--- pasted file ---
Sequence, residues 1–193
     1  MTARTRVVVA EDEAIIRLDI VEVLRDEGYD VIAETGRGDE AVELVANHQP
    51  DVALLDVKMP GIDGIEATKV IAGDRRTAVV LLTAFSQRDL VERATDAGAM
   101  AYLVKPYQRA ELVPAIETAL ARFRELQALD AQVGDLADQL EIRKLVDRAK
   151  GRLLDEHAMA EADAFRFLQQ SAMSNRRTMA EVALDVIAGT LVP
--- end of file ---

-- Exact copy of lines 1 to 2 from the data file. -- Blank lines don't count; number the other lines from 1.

Sequence, residues 1–193
     1  MTARTRVVVA EDEAIIRLDI VEVLRDEGYD VIAETGRGDE AVELVANHQP